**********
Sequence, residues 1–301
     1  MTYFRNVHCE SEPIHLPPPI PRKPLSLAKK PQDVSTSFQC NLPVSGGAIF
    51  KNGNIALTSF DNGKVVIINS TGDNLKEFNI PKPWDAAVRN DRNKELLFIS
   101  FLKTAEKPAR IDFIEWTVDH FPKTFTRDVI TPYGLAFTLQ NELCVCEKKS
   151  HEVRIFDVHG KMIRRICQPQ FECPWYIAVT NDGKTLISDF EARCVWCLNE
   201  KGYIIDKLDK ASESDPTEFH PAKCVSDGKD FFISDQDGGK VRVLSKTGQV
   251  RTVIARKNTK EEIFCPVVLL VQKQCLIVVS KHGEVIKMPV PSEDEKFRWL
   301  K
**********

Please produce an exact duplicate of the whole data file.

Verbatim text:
Sequence, residues 1–301
     1  MTYFRNVHCE SEPIHLPPPI PRKPLSLAKK PQDVSTSFQC NLPVSGGAIF
    51  KNGNIALTSF DNGKVVIINS TGDNLKEFNI PKPWDAAVRN DRNKELLFIS
   101  FLKTAEKPAR IDFIEWTVDH FPKTFTRDVI TPYGLAFTLQ NELCVCEKKS
   151  HEVRIFDVHG KMIRRICQPQ FECPWYIAVT NDGKTLISDF EARCVWCLNE
   201  KGYIIDKLDK ASESDPTEFH PAKCVSDGKD FFISDQDGGK VRVLSKTGQV
   251  RTVIARKNTK EEIFCPVVLL VQKQCLIVVS KHGEVIKMPV PSEDEKFRWL
   301  K